Developers in England will be forced to pay to repair surfacing under new laws | Lodging
Ministers gave more details on how the government intends to ensure that developers and manufacturers in England’s housing sector meet the costs of replacing hazardous surfacing in a bid to protect tenants.
The Department of Upgrading, Housing and Communities said that under the plans, developers and manufacturers could effectively be locked out of the housing market if they do not help address security issues. coatings.
He said the changes would enshrine in law a commitment to protect tenants living in mid-rise and high-rise buildings from being paid for the removal of unsafe flooring.
The government has said that if the changes become law, it will significantly reduce the bills sent to tenants for the removal of cladding, which in some cases have exceeded £100,000.
Outlining the plans on Monday, the government said it would go further to protect leaseholders by limiting the amount they can be asked to pay for non-coating costs, such as charges for “wake-up watches to patrol sites – with some property owners and developers. expected to pay the bill.
The proposed changes, which will be introduced through amendments to the Building Safety Bill currently before parliament, would also allow building owners and landlords to take legal action against manufacturers who used faulty products on a house that had since been deemed unfit for habitation, the government said, adding that the power would go back 30 years and allow for recovery where costs have already been paid.
To ensure manufacturers found guilty of misconduct are also held accountable for fixing the problems they cause, the government has said cost contribution orders could be placed on manufacturers who have been successfully prosecuted under the building product regulations, requiring them to contribute financially to buildings in need of rehabilitation.
The government has said proposed changes to the bill would also allow it to apply a proposed building safety charge – paid for by developers seeking building control approval for high-risk residential buildings in England – to more of developments.
Ministers hope they won’t have to use powers and want responsible developers and manufacturers to operate freely.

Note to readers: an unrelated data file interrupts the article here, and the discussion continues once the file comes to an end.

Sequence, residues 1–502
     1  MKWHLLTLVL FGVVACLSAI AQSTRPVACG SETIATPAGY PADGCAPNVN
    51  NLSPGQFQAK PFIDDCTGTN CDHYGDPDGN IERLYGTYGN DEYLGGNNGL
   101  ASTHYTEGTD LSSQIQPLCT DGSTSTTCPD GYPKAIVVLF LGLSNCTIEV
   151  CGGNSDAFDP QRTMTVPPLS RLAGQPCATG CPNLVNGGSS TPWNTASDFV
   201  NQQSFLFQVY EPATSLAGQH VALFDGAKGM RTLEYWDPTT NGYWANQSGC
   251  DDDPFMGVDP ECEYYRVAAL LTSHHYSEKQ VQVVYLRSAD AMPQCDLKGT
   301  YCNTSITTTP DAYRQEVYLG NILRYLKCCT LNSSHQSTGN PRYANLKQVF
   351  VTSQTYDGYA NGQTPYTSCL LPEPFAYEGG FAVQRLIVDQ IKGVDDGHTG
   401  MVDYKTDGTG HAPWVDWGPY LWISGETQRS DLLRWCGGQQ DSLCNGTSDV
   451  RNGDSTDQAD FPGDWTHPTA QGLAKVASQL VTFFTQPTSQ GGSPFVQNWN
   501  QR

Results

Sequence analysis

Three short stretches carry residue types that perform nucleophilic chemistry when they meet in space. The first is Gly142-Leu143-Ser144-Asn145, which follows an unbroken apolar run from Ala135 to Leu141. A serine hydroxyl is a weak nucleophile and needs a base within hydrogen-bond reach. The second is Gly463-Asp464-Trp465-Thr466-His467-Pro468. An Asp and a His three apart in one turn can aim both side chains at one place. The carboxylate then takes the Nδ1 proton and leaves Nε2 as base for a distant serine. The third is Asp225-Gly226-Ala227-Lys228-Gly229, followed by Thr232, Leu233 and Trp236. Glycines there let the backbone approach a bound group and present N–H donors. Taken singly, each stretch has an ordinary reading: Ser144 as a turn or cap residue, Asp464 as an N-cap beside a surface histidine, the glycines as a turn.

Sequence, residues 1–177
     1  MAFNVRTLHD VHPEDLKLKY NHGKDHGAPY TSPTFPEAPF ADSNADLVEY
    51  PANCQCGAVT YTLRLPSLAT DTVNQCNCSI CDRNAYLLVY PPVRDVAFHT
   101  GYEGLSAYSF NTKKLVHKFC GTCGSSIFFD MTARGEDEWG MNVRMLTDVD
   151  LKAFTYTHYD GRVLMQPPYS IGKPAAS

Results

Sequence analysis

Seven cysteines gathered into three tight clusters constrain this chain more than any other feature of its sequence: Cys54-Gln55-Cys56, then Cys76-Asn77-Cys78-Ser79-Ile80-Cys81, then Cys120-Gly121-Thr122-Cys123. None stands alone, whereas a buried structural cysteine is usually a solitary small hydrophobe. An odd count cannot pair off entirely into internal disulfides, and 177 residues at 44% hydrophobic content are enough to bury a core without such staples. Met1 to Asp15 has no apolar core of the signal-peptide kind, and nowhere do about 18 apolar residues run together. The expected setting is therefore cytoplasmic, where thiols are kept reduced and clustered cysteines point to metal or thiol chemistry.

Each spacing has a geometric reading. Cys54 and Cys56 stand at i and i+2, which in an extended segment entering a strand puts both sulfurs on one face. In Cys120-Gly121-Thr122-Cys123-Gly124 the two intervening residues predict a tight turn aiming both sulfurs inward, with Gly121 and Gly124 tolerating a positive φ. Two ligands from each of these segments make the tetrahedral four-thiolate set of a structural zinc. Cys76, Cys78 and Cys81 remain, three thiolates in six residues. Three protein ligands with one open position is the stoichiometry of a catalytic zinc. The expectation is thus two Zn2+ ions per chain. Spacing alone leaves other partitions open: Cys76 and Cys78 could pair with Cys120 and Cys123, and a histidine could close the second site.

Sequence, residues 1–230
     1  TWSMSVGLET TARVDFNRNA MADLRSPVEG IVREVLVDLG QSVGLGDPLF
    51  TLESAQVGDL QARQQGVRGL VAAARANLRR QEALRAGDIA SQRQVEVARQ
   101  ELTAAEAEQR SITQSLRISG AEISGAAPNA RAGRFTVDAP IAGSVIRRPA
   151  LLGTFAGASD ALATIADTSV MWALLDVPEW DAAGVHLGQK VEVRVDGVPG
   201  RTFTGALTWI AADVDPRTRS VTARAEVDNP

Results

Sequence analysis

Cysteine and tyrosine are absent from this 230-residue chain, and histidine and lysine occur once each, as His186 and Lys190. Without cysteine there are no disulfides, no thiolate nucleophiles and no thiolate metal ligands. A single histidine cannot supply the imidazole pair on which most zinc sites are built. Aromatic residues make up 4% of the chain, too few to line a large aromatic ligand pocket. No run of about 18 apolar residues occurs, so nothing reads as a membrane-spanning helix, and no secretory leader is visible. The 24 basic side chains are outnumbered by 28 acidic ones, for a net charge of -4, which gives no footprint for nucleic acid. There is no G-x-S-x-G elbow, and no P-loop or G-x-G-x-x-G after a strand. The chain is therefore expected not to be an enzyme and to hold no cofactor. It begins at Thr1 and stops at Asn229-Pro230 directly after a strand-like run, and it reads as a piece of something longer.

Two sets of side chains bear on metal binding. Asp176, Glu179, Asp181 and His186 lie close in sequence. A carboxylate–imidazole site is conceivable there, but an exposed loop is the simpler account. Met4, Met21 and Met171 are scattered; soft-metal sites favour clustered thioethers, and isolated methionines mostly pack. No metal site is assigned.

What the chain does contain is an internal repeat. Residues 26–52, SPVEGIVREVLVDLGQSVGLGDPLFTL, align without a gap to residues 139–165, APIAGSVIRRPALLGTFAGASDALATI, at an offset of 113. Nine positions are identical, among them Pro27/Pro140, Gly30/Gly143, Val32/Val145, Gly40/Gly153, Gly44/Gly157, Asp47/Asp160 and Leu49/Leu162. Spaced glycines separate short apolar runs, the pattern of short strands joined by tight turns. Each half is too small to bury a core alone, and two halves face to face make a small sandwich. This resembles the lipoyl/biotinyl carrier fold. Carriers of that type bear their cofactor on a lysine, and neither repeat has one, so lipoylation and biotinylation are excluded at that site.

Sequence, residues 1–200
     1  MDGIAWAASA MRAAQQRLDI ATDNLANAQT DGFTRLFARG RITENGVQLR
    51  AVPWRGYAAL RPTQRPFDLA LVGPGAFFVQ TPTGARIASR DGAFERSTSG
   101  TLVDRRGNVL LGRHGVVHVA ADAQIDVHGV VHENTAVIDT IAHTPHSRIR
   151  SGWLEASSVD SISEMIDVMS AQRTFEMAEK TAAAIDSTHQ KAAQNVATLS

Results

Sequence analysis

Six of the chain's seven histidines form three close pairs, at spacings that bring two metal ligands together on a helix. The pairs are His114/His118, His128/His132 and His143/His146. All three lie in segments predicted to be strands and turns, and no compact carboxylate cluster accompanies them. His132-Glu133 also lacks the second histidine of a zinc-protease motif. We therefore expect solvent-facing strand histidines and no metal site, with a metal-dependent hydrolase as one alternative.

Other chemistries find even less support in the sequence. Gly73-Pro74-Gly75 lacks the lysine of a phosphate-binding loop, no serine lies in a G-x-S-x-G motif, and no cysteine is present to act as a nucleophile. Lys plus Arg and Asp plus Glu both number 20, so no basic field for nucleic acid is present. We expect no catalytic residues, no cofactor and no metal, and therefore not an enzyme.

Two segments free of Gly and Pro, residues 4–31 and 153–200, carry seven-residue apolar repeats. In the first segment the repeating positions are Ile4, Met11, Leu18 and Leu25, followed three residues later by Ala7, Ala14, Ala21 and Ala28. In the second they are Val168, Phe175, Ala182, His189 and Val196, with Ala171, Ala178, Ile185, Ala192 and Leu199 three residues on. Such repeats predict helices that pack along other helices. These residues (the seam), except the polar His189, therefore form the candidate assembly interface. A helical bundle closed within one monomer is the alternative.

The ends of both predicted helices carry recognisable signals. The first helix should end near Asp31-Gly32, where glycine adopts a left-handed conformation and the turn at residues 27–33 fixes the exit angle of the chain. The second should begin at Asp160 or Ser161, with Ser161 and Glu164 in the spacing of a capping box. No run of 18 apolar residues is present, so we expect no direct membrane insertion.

Courts would also be given new powers to prevent developers from using shell companies that make it difficult to trace or identify who they are running and thus avoid liability, the government has said.
Discussions with industry leaders on the issue of hazardous coatings are ongoing, the government said, but added that progress was being made.
Upgrading Secretary Michael Gove said: ‘It’s time to end this scandal, protect tenants and see the industry work together to find a solution.
“These measures will prevent building owners from passing on any costs to tenants and ensure that any repairs are proportionate and necessary for their safety. The whole industry needs to play a part instead of continuing to profit while hard working families struggle.
“We cannot allow those who do not take building safety seriously to build homes in the future, and for those who do not want to play their part, they must face the consequences.”
As part of plans to reduce non-cladding costs for tenants, the government said developers who still owned a building over 11 meters that they had built or renovated – or landlords tied to a developer original – would be required to pay in full to repair the historic building. security issues at their property. Building owners who were unrelated to the developer but could afford to pay in full could also be required to provide the money, the government said.
A cap on tenant costs would then be in place for what the government has described as the small number of cases where building owners do not have the resources to pay.
He said the cap would be set at levels similar to what is known as Florrie’s Law, which applies to certain social housing repairs – £10,000 for homes outside London and £15,000 for the houses of the capital.
The government said this would limit the amount tenants could be asked to pay for non-coating costs, including standby fees.
All costs paid by tenants over the past five years would be factored into the cap, which would prevent tenants from paying more, the government said, but added that it would consult further before finalizing the details.
Amendments to the bill are due to be debated in the House of Lords next week.